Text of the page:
1. Create a staff name field in the events table.
If you don't already have a field in your events table for the staff member's name, create one. For the sake of this example we'll use the staff member's name as the filter, but you could use their ID, etc.
2. Create a value list for staff names. Then create a global text field in the CalendarInterface table called FilterGlob_5
3. Enter layout mode and navigate to the Filters tab of the calendar layout.
4. Duplicate (copy and paste) one of the existing filter fields (don't use the resource filter, it's special) on the layout and then switch this field to be FilterGlob_5. Format this field to use the value list you created in 2 above; format it as checkboxes if you'd like to support multiple selections.
5. These filter fields have script triggers on them: you can leave the trigger alone if you've copied one of the existing fields.
6. Still editing the Filters tab of the Calendar layout, duplicate the "clear", "include", and "omit" buttons, placing them next to your new filter and change the script's script parameters for each of these buttons to use the "number" of the field ("5" in our example). Edit the conditional formatting for each of these to use the new filter number ("5" in our example). If you're not sure how to edit those "include / omit" switches, you can learn how here.
7. Finally, edit the script "Load Calendar Settings - On Startup..." and find the comment "Maps filters to fields". Create a new SetVariable line for your new filter ($$sc_FilterField5 in our example) and, using your new field for the GetFieldName ( SampleEvents::StaffName) in our example.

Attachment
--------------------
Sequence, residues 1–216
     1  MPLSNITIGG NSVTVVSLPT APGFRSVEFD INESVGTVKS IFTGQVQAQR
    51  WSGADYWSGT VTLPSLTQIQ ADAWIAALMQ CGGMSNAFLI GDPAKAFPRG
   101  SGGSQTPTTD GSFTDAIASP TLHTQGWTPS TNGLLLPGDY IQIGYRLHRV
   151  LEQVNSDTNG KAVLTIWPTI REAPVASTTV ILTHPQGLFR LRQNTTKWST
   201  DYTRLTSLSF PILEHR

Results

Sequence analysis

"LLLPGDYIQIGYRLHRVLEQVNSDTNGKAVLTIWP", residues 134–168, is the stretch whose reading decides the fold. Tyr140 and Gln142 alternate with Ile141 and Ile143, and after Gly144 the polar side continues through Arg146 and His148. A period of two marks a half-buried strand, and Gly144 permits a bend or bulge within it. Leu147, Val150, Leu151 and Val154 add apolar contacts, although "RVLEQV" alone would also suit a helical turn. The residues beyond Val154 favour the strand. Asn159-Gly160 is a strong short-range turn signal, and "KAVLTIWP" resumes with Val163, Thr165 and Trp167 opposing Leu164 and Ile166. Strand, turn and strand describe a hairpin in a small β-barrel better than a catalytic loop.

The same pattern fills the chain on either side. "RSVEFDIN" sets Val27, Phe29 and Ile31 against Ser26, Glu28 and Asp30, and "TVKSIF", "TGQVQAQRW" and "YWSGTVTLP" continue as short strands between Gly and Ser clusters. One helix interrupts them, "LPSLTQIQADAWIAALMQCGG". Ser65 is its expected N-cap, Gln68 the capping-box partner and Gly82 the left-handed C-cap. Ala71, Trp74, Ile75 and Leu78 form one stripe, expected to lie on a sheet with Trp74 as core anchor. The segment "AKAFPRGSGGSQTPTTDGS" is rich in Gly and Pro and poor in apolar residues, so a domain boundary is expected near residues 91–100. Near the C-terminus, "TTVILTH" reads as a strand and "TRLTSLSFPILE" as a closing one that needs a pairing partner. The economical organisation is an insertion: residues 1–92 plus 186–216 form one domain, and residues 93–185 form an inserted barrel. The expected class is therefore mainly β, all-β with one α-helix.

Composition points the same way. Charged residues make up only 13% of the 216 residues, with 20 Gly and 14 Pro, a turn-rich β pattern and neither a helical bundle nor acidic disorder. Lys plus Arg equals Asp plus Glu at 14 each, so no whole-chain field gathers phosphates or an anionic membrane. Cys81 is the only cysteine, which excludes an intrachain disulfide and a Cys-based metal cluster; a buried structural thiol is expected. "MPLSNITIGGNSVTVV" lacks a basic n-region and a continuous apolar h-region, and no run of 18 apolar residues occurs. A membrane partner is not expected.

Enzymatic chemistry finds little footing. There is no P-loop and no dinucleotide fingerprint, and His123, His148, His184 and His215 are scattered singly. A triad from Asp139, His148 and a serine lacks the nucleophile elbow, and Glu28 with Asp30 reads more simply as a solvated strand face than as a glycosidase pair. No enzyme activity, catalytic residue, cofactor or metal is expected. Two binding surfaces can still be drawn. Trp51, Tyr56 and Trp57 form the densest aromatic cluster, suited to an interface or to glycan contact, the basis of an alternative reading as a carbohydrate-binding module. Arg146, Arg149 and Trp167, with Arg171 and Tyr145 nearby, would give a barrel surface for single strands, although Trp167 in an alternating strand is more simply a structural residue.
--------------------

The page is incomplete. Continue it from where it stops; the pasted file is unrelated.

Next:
8. Edit the script "Clear All Filters" and add additional SetField and SetVariable steps for your new filter fields.
9. Edit the script "Build Filters ( Source No )" under the comment #Short circuit if no filters are filled in so the If calculation contains any new filters you've added.
10. Enter browse mode and run the Upon Opening script again. That's it!

Can I pre-filter the calendar so it starts up already filtered?

Yes, and this can be a great way to speed up the calendar if you have tons of events, but many are already "complete" or irrelevant.

Toward the end of the configuration script "Load Calendar Settings - On Startup --- Edit Configuration Here ---" you'll see a comment called "Pre-Filter the calendar if necessary". The next lines set the four default filters that come with our calendar. The lines are currently disabled: enable any pair of them if you have FileMaker Advanced, or recreate the pair of lines you need if you don't.

The first line (the Set Field) in each pair sets the value to be filtered ("Something" in our example), and the second line (the Set Variable) passes that filter into the calendar engine. Both lines in the pair need to be enabled, but you only need to edit the value in the first line of the pair ("Something" in our example).